A bit over a month ago I ascended to the highest point in New Mexico, Wheeler Peak. Today I decided to go on an adventure to the lowest point in New Mexico which just happens to be just south of Carlsbad on the border with Texas. This adventure got me thinking about state low points and I realized that I've been to several of them without thinking much about it. One that comes to mind immediately is the low point of New Jersey. The lowest point of land in new Jersey being the Atlantic Coast, I visited the lowest point in the Garden State every summer for our family vacation. Upon investigation on a special low points website I realized that I've been to the lowest point in not just New Jersey but Louisiana (New Orleans), Rhode Island (Atlantic Coast), Virginia (Atlantic Coast), and Maine (Atlantic Coast again). These are just the one's that I can readily think of right now. There are probably others I've been to as well. I think one of these days I might make and official list of the low points I've visited.

The lowest point in New Mexico is the only state low point that I've actually made an effort to go visit. Really the only reason why I decided to go do this was because I was itching for some adventure and I did not want to drive too far away. Anyway, I set off this morning and headed south on US285 to the New Mexico/Texas boundary. Here I made a left onto a dirt road and made my way to the northern edge of the Red Bluff Reservoir.  I parked in a dusty patch of land at the end of the road and hiked along the river/reservoir to where a fence led right down to the water's edge.
New Mexico's Lowest  Point

I assumed this to be the state border and thus the lowest point in New Mexico.

From the lowest point I made my way back upstream past the skeletons of numerous dead fish
Fish Skeleton

and shells of a few turtles.

Eventually I made my way to some small cascades on the Pecos River.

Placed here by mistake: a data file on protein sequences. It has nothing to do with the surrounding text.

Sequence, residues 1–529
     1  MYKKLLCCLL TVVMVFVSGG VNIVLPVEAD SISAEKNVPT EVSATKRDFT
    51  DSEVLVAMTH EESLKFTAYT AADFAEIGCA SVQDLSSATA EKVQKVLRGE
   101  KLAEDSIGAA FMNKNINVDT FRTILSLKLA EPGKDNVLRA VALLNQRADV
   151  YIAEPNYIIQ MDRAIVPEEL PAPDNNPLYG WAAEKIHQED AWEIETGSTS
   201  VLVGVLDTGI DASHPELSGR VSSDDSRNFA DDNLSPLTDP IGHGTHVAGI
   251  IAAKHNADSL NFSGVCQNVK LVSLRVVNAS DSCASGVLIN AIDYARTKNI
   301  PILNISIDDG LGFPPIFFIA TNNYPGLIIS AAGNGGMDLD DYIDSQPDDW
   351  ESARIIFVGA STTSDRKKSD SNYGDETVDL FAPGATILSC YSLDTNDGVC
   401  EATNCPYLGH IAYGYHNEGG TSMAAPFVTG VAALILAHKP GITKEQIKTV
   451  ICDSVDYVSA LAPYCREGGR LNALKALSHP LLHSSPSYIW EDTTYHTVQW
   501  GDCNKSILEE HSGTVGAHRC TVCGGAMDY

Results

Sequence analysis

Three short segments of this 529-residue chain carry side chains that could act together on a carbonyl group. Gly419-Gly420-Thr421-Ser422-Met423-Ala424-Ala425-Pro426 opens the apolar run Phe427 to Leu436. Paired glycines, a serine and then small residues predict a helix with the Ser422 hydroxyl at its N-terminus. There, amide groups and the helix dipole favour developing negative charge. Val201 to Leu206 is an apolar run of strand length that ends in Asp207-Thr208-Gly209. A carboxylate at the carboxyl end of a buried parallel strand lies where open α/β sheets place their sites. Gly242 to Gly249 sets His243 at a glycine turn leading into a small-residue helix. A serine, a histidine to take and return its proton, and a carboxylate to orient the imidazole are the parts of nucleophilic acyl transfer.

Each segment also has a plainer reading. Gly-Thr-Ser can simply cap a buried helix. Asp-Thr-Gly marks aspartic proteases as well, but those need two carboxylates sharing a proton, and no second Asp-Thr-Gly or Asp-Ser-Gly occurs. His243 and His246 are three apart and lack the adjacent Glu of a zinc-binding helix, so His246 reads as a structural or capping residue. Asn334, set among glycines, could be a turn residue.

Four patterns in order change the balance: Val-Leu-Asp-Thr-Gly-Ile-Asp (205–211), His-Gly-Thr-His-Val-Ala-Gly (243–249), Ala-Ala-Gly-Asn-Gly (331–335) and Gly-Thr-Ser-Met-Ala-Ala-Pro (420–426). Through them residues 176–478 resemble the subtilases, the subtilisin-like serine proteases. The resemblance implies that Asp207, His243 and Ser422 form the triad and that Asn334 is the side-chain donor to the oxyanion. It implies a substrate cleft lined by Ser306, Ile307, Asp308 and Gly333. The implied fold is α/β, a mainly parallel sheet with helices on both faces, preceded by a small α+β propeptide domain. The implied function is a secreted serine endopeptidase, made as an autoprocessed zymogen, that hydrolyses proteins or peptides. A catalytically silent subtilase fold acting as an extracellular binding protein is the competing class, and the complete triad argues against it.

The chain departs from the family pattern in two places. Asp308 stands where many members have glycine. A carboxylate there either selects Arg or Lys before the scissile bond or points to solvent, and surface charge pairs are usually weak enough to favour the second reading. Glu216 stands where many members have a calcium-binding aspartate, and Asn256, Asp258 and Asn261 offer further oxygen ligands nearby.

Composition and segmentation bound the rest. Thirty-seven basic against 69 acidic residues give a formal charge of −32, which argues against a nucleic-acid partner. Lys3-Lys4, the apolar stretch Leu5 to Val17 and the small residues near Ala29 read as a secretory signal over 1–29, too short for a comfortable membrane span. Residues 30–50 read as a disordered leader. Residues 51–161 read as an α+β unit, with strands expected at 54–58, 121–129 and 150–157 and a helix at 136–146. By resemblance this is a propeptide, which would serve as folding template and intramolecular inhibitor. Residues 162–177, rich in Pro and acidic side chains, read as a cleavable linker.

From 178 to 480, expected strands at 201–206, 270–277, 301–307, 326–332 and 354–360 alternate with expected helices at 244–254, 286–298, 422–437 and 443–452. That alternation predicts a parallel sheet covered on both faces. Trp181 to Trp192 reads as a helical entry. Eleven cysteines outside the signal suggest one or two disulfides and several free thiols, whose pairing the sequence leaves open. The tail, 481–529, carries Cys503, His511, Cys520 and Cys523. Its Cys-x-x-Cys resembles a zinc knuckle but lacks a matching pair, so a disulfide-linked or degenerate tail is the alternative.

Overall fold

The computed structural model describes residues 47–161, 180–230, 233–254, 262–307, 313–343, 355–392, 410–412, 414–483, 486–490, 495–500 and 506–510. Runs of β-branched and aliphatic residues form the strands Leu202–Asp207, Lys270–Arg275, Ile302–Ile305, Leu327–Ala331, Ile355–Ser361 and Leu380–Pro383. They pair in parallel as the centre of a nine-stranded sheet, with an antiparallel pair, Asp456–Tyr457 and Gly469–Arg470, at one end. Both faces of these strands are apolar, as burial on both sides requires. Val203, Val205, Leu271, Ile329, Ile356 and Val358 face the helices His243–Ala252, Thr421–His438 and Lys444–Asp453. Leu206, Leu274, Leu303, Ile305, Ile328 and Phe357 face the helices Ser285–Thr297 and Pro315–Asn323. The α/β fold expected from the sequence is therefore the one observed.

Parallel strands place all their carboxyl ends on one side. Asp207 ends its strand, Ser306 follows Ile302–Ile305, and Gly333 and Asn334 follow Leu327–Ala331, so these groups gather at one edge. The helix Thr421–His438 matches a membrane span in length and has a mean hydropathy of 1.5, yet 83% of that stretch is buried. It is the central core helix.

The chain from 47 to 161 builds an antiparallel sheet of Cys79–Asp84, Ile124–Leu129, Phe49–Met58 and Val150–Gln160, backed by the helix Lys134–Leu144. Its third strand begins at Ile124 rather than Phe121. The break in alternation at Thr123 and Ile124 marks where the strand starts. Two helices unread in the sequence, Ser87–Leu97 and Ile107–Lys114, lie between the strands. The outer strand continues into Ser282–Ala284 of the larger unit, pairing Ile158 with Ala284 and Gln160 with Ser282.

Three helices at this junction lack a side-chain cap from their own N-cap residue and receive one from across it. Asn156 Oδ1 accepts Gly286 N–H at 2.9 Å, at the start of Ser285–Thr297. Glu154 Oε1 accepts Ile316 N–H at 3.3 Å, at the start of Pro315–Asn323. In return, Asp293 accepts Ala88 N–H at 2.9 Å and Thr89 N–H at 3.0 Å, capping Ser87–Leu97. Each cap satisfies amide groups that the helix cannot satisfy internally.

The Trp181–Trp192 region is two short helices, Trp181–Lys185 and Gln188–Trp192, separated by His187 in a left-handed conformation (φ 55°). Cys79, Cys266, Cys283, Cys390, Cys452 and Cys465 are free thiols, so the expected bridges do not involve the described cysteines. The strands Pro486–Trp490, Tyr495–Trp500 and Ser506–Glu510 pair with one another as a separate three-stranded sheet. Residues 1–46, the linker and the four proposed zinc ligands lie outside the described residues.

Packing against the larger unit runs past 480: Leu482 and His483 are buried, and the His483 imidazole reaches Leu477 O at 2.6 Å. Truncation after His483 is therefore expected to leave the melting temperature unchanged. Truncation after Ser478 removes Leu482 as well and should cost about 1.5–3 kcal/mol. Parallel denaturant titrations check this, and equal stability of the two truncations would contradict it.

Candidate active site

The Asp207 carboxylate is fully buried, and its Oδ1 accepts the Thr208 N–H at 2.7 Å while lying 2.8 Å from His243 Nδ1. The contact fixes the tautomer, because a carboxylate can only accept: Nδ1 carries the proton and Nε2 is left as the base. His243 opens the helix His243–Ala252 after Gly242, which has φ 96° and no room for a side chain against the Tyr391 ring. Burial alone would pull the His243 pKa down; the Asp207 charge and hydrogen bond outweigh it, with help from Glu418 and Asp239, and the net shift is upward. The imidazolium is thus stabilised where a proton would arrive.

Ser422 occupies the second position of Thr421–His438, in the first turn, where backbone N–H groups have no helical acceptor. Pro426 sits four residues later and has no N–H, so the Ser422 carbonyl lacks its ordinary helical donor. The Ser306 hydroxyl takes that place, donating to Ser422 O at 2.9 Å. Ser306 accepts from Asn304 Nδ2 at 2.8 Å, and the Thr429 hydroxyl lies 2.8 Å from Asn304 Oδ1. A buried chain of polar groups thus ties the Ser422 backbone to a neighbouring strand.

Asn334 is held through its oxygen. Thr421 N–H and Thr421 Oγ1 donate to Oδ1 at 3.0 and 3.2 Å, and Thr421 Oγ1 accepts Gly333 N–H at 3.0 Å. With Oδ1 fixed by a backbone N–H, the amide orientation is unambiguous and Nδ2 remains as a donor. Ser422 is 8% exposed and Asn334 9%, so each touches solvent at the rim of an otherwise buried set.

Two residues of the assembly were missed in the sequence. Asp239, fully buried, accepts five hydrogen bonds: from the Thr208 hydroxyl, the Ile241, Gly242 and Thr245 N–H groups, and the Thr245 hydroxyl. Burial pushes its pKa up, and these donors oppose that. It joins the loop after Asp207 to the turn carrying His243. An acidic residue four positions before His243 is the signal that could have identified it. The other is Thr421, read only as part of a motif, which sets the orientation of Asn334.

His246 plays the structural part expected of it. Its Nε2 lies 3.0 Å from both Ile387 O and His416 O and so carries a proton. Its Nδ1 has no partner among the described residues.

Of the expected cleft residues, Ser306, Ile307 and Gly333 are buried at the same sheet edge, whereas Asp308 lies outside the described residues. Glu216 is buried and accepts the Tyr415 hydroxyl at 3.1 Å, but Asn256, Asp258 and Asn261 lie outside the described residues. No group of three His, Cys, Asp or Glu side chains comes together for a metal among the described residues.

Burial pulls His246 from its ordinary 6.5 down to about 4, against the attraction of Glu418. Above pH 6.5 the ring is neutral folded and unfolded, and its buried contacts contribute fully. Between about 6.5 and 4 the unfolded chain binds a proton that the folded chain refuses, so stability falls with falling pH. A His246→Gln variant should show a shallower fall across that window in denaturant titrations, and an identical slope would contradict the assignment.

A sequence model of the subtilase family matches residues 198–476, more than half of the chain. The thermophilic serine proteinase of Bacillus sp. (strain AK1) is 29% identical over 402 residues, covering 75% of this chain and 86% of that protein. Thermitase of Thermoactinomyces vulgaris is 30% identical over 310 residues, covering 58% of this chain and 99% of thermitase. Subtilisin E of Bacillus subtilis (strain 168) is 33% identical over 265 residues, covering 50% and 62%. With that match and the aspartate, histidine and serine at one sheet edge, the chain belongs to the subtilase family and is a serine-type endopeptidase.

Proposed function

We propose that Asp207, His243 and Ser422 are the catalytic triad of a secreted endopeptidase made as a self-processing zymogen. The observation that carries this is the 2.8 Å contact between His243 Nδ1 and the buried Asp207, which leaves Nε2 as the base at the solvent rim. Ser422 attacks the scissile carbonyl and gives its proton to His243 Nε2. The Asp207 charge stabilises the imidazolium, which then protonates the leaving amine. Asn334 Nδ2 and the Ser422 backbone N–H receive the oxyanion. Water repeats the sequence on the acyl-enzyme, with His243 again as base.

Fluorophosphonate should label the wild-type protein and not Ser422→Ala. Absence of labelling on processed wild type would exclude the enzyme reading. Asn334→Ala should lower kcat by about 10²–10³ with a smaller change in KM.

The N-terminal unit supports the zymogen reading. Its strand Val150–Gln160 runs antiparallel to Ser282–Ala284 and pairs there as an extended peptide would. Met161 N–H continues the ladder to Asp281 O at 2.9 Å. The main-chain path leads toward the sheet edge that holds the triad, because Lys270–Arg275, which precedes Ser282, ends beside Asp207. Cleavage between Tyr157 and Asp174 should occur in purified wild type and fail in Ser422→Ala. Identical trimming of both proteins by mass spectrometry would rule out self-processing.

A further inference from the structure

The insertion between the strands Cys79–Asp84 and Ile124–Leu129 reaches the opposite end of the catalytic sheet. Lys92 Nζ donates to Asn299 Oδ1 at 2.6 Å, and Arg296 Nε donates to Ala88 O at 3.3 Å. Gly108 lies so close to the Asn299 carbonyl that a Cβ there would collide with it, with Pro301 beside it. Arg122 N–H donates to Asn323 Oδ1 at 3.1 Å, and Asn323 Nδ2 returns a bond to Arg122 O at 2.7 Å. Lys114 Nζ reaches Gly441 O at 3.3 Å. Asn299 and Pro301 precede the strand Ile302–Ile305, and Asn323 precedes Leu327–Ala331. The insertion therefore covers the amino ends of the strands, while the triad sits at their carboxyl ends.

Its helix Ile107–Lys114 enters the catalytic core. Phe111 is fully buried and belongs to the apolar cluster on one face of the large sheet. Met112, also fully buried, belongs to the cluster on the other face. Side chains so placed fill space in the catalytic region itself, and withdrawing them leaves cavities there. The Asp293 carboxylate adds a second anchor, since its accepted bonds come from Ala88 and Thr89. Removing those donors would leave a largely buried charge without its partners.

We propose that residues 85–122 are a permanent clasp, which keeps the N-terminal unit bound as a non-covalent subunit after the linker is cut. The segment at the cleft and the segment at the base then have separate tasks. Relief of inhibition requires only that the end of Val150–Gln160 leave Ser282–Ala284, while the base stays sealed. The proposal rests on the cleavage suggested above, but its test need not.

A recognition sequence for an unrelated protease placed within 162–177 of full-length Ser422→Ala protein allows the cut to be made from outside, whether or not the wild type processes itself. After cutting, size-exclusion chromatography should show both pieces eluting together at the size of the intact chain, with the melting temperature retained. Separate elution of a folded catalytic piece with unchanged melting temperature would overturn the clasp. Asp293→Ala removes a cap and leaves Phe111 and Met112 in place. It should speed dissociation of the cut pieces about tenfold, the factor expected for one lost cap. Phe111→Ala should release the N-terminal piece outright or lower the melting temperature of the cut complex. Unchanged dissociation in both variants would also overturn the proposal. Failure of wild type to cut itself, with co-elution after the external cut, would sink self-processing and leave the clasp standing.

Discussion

Pecos Cascade

It was a pretty little spot that I'm guessing few people appreciate. I walked a bit past the small cascades but, because I had brought no water, was forced to make my way back to the car shortly thereafter.
Wide Pecos

Tuesday, October 11, 2011

Return to Alamo Mountain, Otero Mesa


Several years ago Noelle and I visited Alamo Mountain to check out the abundant rock art found on her slopes. Today I returned to Alamo Mountain, not only to look for petroglyphs,

Wind God Site

Rabbit Ears

Interesting Panel

New Mexico Petroglyph

but also to ascend to the summit. I camped last night near the base of the mountain and this morning as soon as I felt I had enough light to safely start my ascent I started to make my way up the mountain's southwestern flank.

As I made my way up about 1/4 of the way up I started to see some rock art. First I saw a petroglyph of a naked man, perhaps a shaman performing some type of spiritual ritual.
Naked man Petroglyph

This is one of the more interesting petroglyphs I've thus seen on the mountain. Soon I would find another really interesting example of rock art, a panel adorned with a shield bearing warrior.
Shielded Warrior

The warrior seemed to be guarding the route to the summit of Alamo Mountain. Could this be a bad sign for the climb ahead?

After the two interesting rock art finds, the climbing got much more difficult. The ascent reminded me of yesterday's ascent of Wind Mountain with lots of vegetation blocking the path, and boulders to scale. Finally, I arrived on a relatively flat, sloping mesa.
Summit Area Grassland

From there it seemed that there were two possible summits. I headed first for western one and when I arrived there i found a cairn and a register inside a glass jar.
Summit Register Container

I signed the register and had a look around the summit area.

In a juniper tree I found someone had tied some prayer flags.
Prayer Flags

From the western summit I headed over to the eastern one. There was no cairn or register there, but I rested there and ate a snack. I also admired the view of the surrounding Cornudas Mountains and the distant Guadalupes before making my way down off the mountain.
View from Alamo